The government officially defines "underemployed" people as those who desire full-time employment, but who can only find a part-time job.  The non-governmental definition of underemployment also includes highly skilled and highly educated people who have accepted a low skills job or a low paying job because they couldn't find anything better or because they need to supplement the income they get from the part-time job they wish was a full-time gig.

Based on the expanded definition, it's easy to see why underemployment is rampant in the U.S. retail and restaurant industry.  Retail and restaurant jobs are viewed as the jobs of last resort for job hunters before, during, and after they are getting an education.  And since a college degree doesn't guarantee a professional level job in the U.S. anymore, the retail and restaurant industry become the fallback job source for too many workers for too long.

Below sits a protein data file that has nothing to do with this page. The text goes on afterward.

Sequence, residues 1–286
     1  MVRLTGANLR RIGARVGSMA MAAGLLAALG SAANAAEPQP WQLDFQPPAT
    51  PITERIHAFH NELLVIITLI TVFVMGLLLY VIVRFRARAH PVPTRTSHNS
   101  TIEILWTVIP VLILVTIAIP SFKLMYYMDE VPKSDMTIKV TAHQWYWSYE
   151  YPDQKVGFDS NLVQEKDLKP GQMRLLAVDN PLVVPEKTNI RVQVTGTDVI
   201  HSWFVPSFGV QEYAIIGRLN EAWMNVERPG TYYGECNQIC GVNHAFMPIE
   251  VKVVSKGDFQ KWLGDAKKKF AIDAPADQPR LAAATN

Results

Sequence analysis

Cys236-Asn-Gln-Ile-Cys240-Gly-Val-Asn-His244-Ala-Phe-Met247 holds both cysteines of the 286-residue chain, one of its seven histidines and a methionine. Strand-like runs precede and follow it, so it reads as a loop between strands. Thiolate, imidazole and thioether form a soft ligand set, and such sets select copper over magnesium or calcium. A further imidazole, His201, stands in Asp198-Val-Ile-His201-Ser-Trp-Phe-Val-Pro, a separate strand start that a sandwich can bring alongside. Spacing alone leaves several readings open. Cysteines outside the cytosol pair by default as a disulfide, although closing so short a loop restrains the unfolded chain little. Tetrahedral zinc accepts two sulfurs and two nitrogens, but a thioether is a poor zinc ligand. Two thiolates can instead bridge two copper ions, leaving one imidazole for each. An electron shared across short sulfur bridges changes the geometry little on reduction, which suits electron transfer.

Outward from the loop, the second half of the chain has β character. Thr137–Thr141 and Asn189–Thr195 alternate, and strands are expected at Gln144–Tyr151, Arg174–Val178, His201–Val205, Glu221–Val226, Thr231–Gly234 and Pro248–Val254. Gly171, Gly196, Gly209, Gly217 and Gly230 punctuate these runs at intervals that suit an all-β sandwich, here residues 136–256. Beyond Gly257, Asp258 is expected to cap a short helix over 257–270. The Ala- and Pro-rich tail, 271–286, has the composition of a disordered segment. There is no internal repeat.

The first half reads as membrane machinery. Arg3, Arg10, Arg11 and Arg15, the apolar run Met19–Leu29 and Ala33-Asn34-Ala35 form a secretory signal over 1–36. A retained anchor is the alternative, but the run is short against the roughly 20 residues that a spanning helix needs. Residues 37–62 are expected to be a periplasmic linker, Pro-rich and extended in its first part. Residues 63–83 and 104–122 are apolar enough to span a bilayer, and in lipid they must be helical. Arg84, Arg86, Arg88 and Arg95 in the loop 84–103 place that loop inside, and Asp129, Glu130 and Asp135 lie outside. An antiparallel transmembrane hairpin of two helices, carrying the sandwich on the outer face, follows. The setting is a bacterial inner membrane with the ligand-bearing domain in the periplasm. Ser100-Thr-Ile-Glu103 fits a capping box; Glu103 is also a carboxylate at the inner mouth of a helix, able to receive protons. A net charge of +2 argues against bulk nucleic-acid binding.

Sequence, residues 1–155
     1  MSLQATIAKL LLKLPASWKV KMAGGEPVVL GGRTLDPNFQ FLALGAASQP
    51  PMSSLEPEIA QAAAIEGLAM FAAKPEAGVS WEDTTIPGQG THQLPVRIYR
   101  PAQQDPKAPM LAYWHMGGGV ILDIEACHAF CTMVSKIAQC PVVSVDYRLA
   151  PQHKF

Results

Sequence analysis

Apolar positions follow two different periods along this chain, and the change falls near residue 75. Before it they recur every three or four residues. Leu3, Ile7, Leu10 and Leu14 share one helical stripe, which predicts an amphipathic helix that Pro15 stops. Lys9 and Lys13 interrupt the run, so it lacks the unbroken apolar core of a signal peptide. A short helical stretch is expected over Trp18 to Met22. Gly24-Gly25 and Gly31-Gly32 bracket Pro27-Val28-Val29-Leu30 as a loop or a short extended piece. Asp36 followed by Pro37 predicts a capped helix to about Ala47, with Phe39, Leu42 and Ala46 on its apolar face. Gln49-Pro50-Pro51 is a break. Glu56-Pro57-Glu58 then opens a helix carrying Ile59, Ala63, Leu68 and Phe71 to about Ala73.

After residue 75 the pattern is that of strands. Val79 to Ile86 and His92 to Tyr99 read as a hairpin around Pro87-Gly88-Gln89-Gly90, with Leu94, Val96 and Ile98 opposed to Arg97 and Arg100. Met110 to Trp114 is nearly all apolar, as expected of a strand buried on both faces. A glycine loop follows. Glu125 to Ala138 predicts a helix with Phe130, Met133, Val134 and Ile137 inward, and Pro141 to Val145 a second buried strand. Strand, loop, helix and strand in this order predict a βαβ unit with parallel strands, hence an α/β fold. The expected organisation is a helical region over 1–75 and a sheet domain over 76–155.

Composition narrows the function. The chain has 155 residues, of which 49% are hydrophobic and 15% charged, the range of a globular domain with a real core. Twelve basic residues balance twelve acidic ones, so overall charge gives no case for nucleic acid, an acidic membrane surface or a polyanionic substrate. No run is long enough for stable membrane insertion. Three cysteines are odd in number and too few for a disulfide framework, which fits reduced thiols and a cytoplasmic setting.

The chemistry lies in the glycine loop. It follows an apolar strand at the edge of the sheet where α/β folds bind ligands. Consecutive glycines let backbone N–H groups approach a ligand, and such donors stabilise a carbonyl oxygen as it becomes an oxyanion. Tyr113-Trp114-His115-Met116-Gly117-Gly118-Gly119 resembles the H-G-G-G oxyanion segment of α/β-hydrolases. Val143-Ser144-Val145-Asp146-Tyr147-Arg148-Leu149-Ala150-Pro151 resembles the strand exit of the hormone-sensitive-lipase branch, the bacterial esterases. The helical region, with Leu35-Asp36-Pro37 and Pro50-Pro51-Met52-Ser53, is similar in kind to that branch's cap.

According to the  Center for College Affordability and Productivity (CCAP), there have been more people with college degrees than there are jobs that require college degrees in the U.S. since 2010.  That's why the retail industry is filled to overflowing with recent college graduates who can't find a degree-appropriate job, unemployed workers from all rungs of the corporate ladder who need stopgap income while they are job hunting, and seniors who have ended their career, but can't afford to completely retire.

There is so much underemployment in the retail industry these days that there isn't any room for first-job teens at the entry level.  That's why the teen unemployment rate is triple that of the rest of the U.S. workforce as a whole, according to a recent report by The Fiscal Times.